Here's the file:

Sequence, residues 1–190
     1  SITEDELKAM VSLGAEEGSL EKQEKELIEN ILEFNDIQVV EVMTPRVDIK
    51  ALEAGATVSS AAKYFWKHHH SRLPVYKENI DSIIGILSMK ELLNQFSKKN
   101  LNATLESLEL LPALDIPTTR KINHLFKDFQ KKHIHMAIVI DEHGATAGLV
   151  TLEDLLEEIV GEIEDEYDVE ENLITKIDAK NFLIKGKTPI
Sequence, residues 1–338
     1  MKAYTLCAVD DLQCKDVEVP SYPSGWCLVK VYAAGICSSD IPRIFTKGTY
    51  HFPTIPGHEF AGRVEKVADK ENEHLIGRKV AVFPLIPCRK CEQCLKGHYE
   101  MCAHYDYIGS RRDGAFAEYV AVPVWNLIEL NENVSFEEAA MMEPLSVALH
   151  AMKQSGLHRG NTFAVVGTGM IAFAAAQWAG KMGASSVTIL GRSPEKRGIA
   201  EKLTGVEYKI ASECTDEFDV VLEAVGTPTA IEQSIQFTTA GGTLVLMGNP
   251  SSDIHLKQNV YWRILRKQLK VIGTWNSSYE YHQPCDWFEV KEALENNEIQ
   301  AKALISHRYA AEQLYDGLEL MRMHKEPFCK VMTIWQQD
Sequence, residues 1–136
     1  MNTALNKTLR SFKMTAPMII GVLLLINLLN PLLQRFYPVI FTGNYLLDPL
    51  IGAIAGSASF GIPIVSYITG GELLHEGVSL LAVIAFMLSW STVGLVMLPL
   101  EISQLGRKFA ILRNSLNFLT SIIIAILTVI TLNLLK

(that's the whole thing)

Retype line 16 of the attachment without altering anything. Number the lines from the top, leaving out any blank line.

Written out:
    51  IGAIAGSASF GIPIVSYITG GELLHEGVSL LAVIAFMLSW STVGLVMLPL